The album itself took two years to produce, with the band frequently taking breaks between recording sessions to tour South America and play their first shows in South Africa and China. Late last year, they booked a three-show tour in California as a foreshadow to the anticipated release. They sold out at all three venues: Los Angeles, Santa Cruz, and San Francisco.
Specter At The Feast digs into the human experience.
As most BRMC fans know, Michael Been was always supportive and involved with the band. He mixed the band's Live In London release and worked as a sound engineer on tours. It was on tour, at the Pukkelpop Festival in Belgium, that he suffered a fatal heart attack. Since the tragedy, Robert Levon Been has played with The Call, filling in for his father at reunion appearances.
The first single released ahead of the album is also telling of the band's love and loss. Rather than launch the album with new tracks, BRMC covered the hit song Let The Day Begin by The Call. Released in 1989, it was the biggest crossover hit that The Call enjoyed during its 20-year history.
Known for its insistent bass and driving guitars, Let The Day Begin fits BRMC today as much as it did The Call three decades ago. The band was generally considered underrated, largely because The Call dismissed following the cult of personality that influenced much of the music made in the 1980s.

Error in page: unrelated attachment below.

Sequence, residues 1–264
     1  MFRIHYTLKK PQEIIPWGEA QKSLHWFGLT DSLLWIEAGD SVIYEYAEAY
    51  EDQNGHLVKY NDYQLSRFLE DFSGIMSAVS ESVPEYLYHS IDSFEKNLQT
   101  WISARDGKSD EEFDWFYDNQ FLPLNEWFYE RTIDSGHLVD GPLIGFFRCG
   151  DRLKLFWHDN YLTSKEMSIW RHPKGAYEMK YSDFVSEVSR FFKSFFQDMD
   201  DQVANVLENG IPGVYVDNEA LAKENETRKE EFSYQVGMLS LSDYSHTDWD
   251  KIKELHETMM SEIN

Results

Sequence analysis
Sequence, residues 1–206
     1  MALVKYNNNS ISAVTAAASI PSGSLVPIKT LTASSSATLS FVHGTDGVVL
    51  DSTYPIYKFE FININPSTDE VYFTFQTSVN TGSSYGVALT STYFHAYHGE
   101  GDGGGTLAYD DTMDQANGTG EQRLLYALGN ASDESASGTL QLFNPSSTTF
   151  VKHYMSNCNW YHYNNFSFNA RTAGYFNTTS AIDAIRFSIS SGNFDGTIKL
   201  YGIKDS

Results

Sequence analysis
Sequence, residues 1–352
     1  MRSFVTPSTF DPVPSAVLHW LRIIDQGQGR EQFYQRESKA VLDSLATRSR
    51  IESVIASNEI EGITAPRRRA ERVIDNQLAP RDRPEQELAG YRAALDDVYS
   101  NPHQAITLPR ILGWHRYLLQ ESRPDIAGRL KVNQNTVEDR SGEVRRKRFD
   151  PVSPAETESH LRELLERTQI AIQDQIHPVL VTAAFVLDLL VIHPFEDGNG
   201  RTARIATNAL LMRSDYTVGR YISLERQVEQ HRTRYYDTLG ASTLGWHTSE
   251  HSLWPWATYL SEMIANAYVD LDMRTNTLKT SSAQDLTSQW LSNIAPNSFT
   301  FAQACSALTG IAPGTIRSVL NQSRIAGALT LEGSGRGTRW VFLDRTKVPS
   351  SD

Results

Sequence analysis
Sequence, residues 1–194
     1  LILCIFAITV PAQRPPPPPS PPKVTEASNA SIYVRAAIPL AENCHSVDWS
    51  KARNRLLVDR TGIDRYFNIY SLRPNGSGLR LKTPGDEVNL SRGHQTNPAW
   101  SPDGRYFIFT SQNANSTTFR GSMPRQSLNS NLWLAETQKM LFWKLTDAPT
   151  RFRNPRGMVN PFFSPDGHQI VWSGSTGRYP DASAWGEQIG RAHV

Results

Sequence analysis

The same can be said about BRMC, except that this band came together during a decade that was looking for something different. Formed while alternative rock was in decline, Robert Levon Been and guitarist Peter Hayes (The Brian Jonestown Massacre, 1998) set their sound apart.
They seem to have done so again with the release of Specter At The Feast, even if not everyone will appreciate it. The album, with 15 tracks and an hour play time, traps the band into some repetition and isn't always sure where it is going with stripped back arrangements and varied influences.
However, the more you listen to the sometimes listless and sometimes grief-stricken meanderings of Been, Hayes, and drummer Leah Shapiro (Raveonettes), the more songs like Lullaby, Sell It, Hate The Taste, and Fire Walker (once the bassline kicks in) rise to the surface. Other tracks, like Returning, need a little more attention before they stick.
It's inside the lyrics that the track captures the juxtaposition that the loss of loved one stops us cold and carries us on at the same time. They are gone, and yet somehow with us with every step forward. The song is surreal and sober, sad and comforting. The same can be said about the album, tittering back and forth between heavy and mellow, pedestrian and fresh.
Specter At The Feast By BRMC Haunts 6.9 On The Liquid Hip Richter Scale.
Had BRMC shed a couple tracks, sticking with more mellow or heavy songs, there might be less criticism on the front end. But give it some time and some reviewers might find themselves backtracking on some finer points. There is no doubt that this album has all the markings of a great live set, with plenty of room for the band to pick up on whatever moods it wants.
Specter at the Feast by Black Rebel Motorcycle Club is available on Amazon. You can also download it from iTunes or order vinyl from Barnes & Noble. Black Rebel Motorcycle Club is currently touring Europe with plans to return stateside in May. Check Facebook for the most recent show dates. They also have a 6-part video short series worth checking out on YouTube.